Orange County health officials say they are “very concerned” about a possible hepatitis A outbreak, but unlike Los Angeles and San Diego counties, no outbreak has occurred locally.
The viral disease, which is preventable by vaccine, is caused by ingesting the feces of an infected person, usually because the person has not washed their hands properly after using the toilet. It can also be contracted through contaminated, uncooked food or sexual contact. Homeless people are at a high risk for infection because they live with poor sanitary conditions.
The county is continuing its standard practice of vaccinating homeless individuals and educating them about the outbreak, but has not adopted any special sanitation efforts.
“The best way to protect yourself is to get vaccinated, and vaccination efforts are our primary response effort now to prevent spread of hepatitis A in OC,” said county spokeswoman Carrie Braun.
Between 2011 and 2016 Orange County has reported 15 to 25 cases of hepatitis A each year. So far this year there have been 13 reported cases.
“So our numbers so far this year are not atypical compared with years past,” said Orange County Health Care Agency spokeswoman Jessica Good in an email. Even so, she said, county officials are “very concerned” about a possible outbreak.
Most cases of hepatitis A in Orange County are contracted after international travel or exposure to a known infected patient, according to a July 26 health advisory issued by the Health Care Agency.
Five infections reported since May 2017 occurred in adult men who had not traveled and were otherwise not exposed to the disease, according to the July advisory. Those cases also had no known exposure to homeless populations or illicit drug use, and no common source has been identified.
The Health Care Agency so far has vaccinated 368 homeless individuals with the hepatitis A vaccine, Good said.
According to the 2017 Point-in-Time count, a survey of homeless people on one given night a year, there are 4,792 homeless individuals living in Orange County.
“Generally, vaccinations are provided only in conjunction with a vaccination “clinic” or event and nurses do not carry vaccine with them,” Good said. “In the event of an outbreak in Orange County, additional approaches could be implemented.”
Good said the definition of an ‘outbreak’ can vary for the general population and specific groups of people.
“If two people in general population came down with virus, reported no travel, etc. that wouldn’t necessarily indicate an outbreak,” said Good in an email. “If two folks in same group of that population (individuals in homeless community, specific school, specific workplace, etc.) did, that would signal something different.”
Dr. Matthew Zahn, medical director of epidemiology and assessment for the OC Health Care Agency, said the agency defines an outbreak within a specific population as two or more cases where the infected person has no history of travel or contract with other known outbreaks.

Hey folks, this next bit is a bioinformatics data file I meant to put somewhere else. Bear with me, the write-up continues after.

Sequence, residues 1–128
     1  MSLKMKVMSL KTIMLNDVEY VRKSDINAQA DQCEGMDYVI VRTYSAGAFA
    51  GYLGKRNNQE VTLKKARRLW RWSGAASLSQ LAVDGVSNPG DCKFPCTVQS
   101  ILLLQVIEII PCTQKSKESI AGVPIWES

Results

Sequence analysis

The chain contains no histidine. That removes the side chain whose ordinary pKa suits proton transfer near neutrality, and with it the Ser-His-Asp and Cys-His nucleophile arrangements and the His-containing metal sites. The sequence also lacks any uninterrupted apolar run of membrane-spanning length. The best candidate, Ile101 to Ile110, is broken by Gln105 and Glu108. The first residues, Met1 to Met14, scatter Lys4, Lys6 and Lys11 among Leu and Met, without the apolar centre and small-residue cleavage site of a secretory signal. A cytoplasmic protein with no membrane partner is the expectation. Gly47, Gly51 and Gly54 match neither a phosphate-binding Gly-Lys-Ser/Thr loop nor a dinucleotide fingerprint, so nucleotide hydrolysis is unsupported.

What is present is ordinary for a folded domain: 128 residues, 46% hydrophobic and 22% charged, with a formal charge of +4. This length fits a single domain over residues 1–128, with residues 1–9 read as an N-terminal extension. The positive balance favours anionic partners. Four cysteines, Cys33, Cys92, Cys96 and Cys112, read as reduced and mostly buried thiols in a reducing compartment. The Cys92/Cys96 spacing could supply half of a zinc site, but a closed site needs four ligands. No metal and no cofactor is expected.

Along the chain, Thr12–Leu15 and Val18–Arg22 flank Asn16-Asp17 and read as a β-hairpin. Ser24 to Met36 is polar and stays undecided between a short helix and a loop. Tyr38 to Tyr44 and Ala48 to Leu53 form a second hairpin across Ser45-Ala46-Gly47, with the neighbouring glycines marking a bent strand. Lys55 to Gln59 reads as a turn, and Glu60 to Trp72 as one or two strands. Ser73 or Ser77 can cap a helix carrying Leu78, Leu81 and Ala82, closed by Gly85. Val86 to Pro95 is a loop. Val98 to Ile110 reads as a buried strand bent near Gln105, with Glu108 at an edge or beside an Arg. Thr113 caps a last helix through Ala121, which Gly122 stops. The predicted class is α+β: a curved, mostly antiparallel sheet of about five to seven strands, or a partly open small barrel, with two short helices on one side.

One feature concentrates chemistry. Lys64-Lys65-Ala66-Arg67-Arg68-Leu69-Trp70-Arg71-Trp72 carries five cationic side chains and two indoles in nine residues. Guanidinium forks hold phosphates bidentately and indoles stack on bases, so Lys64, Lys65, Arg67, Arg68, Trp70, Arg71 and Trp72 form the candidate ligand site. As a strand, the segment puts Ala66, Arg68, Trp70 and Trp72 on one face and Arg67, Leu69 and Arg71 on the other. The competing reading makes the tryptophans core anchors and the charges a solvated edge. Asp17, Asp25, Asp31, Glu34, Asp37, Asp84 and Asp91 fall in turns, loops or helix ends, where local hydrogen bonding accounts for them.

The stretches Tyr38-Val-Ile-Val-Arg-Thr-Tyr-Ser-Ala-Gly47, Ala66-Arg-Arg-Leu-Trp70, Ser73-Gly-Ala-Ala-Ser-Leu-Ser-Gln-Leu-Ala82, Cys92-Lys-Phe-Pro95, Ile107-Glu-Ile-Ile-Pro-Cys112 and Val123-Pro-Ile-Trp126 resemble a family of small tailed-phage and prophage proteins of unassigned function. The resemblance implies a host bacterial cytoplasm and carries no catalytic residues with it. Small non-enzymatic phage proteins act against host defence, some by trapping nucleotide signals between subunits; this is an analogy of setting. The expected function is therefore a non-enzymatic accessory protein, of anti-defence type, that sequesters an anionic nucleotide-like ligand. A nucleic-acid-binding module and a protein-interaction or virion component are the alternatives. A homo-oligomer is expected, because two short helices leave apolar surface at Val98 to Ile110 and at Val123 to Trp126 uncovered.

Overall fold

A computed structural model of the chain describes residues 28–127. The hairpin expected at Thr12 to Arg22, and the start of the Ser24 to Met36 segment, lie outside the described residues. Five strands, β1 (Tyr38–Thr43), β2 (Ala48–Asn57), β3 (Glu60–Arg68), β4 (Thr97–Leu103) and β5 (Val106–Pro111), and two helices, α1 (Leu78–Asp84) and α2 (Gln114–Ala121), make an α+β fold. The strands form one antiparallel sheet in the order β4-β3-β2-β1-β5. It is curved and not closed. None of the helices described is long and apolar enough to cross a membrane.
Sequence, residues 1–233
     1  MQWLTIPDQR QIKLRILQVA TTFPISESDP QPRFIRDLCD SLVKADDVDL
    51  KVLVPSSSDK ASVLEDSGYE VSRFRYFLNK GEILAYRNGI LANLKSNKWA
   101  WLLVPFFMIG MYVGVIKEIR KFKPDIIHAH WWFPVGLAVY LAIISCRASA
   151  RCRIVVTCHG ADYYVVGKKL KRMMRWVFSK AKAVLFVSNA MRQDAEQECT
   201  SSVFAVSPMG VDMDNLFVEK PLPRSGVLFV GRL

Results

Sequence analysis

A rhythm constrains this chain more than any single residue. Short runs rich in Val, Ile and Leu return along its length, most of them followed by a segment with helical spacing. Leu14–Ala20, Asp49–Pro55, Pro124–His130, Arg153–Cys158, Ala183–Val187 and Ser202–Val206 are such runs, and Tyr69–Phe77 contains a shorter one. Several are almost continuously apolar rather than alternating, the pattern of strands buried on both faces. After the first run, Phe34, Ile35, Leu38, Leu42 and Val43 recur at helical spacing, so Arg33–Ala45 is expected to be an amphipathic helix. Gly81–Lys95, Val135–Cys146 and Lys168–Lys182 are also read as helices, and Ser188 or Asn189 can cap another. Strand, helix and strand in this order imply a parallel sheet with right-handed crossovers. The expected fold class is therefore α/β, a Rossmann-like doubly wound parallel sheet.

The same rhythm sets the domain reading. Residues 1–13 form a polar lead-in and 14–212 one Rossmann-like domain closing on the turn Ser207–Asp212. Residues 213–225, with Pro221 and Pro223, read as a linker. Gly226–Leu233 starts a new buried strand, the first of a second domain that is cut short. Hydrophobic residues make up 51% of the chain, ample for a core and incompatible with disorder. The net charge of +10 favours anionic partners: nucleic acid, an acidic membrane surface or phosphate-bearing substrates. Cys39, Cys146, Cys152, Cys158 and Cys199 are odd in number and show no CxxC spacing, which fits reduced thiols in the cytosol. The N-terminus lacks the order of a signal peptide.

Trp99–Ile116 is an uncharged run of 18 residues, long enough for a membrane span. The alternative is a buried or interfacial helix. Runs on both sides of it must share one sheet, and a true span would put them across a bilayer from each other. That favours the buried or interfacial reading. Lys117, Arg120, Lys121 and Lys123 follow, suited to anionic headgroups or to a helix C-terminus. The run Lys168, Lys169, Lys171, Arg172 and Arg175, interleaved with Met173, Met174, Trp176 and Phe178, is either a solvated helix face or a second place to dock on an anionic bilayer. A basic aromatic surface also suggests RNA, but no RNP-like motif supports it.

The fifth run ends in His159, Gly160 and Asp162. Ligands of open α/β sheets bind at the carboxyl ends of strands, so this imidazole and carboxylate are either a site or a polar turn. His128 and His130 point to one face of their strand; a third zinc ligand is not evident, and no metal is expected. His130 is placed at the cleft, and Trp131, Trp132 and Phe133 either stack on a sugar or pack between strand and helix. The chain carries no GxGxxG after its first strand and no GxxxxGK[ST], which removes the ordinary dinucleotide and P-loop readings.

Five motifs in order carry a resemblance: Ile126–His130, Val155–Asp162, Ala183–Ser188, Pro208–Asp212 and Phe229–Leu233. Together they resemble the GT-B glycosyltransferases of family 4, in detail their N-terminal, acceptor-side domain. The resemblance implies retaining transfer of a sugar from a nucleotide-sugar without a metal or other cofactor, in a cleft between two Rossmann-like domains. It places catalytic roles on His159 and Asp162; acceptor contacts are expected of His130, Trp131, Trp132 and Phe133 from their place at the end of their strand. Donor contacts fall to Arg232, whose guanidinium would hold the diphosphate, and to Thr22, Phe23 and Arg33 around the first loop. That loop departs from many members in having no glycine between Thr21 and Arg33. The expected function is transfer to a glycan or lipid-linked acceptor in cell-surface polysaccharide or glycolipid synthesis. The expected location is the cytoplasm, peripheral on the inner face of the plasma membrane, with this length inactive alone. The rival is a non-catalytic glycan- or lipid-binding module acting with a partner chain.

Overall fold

Los Angeles County health officials declared a hepatitis A outbreak Tuesday with 10 reported cases, following a major outbreak in San Diego County that has infected 444 people and killed 16.
According to the Los Angeles Times, two new hepatitis A cases involving homeless people were reported in LA County Tuesday, triggering the outbreak declaration. The two homeless people have not traveled to a place with an outbreak.
There are eight other infected patients, five who recently traveled to San Diego or Santa Cruz County, and three people who were infected at a hospital where one of those five people was being treated, the Times reported. Santa Cruz County also is experiencing an outbreak.
Earlier this month, San Diego county health officials declared a public health emergency due to the hepatitis A outbreak.
The San Diego outbreak has largely affected homeless people and illicit drug users, in part due to poor sanitation and a lack of public restrooms available to homeless individuals, causing many to relieve themselves on public sidewalks and streets.
San Diego city officials recently installed 40 handwashing stations and dozens of portable toilets citywide to combat the outbreak.
In Los Angeles, officials have begun power-washing streets and sidewalks in Skid Row areas with a bleach solution.
Advocates for the homeless in Orange County have called on the county to place portable toilets and hand wash stations near major homeless encampments, where many people are forced to urinate and defecate into plastic bags and buckets.
After county supervisors declined requests to place restrooms along the Santa Ana River, advocates raised money on their own and purchased three porta-potties, which they placed along the riverbed until county officials ordered them removed due to lack of a permit.
A head count this summer by City Net, a nonprofit contracted with the county to provide homeless outreach services, determined 422 homeless people live along the riverbed near Angel Stadium.
Earlier this month, the Anaheim City Council considered a plan to allow the portable toilets to be placed on city property along the river bed, but took no action.
Braun noted that one public restroom located near the Santa Ana River trail, which used to be closed at night, is now open 24 hours a day and is cleaned and maintained by the county.
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